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Blog Category: Bureau of the Census

The Survey of Business Owners and Self-Employed Persons Is Key to Explaining America’s Economy

The Survey of Business Owners and Self-Employed Persons Is Key to Explaining America’s Economy

Cross blog post by John Thompson, Director, U.S. Census Bureau

Did you know that there are 27.1 million non-farm businesses in America? The U.S. Census Bureau’s Survey of Business Owners and Self-Employed Persons provides the only comprehensive source of statistics about business ownership in the U.S. The Census Bureau conducts the SBO every five years. This is the first time the SBO is being conducted primarily online.

If you own a business, such as a salon or a landscaping company, you may be one of the one million Americans selected to participate in the Survey of Business Owners. Even if you do not have employees other than yourself, we want to hear from you. By participating online now, you can help provide consistent, comparable, and comprehensive statistics on U.S. business performance. For example, the 2007 SBO showed us that 5.9 percent of responding firms reported income from e-commerce – an important insight into how the Internet is shaping our economy.

Right now we are in the process of asking respondents to fill out the Survey of Business Owners, which is part of, and benchmarked to, the 2012 Economic Census. We begin the Survey of Business Owners after the data collection phase of the Economic Census is complete. It provides information every five years on business characteristics (e.g., if a business is home-based, or how much start-up capital it received) and owner characteristics (such as gender, race and ethnicity, and veteran status) for businesses of all sizes across America.

Businesses of all sizes are crucial to the U.S. economy and having quality statistics on businesses is critical. Some of the ways that government leaders and others use SBO statistics include:

  • Business owners are able to analyze their operations in comparison to similar firms, compute their market share, and assess their growth prospects.
  • Entrepreneurs can make informed decisions about what types of products and services to sell, and where to sell them. They can also use SBO data in business plans and loan applications.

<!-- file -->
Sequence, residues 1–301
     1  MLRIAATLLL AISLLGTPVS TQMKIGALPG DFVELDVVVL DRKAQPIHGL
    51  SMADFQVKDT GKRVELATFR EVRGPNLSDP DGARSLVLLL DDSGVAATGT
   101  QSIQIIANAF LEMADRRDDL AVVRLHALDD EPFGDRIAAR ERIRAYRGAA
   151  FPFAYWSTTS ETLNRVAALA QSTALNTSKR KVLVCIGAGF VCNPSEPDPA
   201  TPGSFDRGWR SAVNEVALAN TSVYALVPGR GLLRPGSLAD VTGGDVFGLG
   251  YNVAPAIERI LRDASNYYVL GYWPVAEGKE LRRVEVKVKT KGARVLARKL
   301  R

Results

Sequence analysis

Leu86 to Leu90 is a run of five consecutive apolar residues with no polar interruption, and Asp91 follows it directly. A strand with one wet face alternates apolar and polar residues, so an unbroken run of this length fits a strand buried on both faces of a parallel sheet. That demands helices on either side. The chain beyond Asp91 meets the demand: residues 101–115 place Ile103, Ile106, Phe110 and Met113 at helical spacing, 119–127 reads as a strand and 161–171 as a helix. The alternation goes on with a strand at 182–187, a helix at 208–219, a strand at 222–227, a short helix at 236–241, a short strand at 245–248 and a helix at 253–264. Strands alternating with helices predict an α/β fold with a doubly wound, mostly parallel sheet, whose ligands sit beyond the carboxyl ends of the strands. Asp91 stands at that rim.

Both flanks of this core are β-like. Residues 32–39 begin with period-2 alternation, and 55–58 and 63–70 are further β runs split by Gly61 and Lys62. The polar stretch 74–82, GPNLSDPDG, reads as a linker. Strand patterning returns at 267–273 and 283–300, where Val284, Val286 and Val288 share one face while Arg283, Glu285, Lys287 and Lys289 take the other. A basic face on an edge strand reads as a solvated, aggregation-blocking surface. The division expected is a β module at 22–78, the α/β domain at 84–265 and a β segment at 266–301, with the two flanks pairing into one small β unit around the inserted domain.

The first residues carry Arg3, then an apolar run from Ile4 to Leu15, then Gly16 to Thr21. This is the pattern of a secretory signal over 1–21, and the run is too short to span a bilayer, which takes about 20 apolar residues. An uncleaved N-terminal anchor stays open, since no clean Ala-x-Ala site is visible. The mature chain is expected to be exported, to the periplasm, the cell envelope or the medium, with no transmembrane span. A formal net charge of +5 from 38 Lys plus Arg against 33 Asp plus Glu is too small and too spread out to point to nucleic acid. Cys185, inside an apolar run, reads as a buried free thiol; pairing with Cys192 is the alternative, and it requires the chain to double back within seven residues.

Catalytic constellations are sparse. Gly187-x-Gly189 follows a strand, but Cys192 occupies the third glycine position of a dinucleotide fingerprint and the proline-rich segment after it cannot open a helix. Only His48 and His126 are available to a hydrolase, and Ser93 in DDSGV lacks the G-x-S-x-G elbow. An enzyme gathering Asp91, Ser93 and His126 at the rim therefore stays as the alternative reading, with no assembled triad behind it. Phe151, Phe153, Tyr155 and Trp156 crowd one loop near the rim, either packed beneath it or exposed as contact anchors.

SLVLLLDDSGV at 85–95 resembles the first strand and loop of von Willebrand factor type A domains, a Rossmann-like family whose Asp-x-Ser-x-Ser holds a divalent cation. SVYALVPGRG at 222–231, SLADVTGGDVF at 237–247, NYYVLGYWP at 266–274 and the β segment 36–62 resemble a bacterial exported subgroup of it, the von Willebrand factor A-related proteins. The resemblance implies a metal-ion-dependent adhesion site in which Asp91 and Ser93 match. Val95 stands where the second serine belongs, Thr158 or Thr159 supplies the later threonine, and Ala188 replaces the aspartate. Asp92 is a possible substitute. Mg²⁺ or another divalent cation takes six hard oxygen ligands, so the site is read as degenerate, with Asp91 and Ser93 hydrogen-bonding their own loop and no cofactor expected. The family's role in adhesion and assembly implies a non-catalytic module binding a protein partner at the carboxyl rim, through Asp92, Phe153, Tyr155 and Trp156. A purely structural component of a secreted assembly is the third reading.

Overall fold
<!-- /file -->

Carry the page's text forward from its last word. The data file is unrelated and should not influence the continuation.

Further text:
• The Small Business Administration can assess business assistance needs and allocate available resources.
  • Local government commissions are able to establish and evaluate contract procurement practices.
  • Federal, state, and local government agencies have a framework for planning, directing, and assessing programs that promote veteran-, women-, and minority-owned businesses.
  • Researchers can analyze long-term economic and demographic shifts, and differences in ownership and performance among geographic areas.

Back to School -- Census Bureau Introduces the Statistics in the Schools Program

Statistics in Schools

Cross blog post by John H. Thompson, Director, U.S. Census Bureau

A lot of our work at the Census Bureau looks toward the future – next year’s American Community Survey, or the decennial Census in 2020, for example. One exciting forward-looking initiative is our Statistics in Schools (SIS) program. Research shows that jobs related to statistics are expected to increase by more than 25 percent over the next decade, and SIS is part of our efforts to help make sure students are prepared for them.

Statistics in Schools supports statistics education by providing grade-appropriate classroom activities in math and history, and many resources – such as maps, news articles, videos, infographics, and games – for K-12 teachers to use. Staff from all areas of the Census Bureau worked together to create these activities, which are available online at no charge. Some examples of the activities teachers can find are:

  • Tools for identifying the demographics of specific states and metro areas.
  • Activities to analyze information correlating income to educational attainment.
  • Specific data, such as the number of single-father households, vehicles per household, and salary based on industry sector.
  • Worksheets to graph state population demographics.
  • Activities for estimating how many people in the U.S. walk to work.

The activities are aligned to national standards, including Common Core State Standards and the UCLA National Standards for History. They aren’t intended to replace existing curricula, but rather complement existing lesson plans.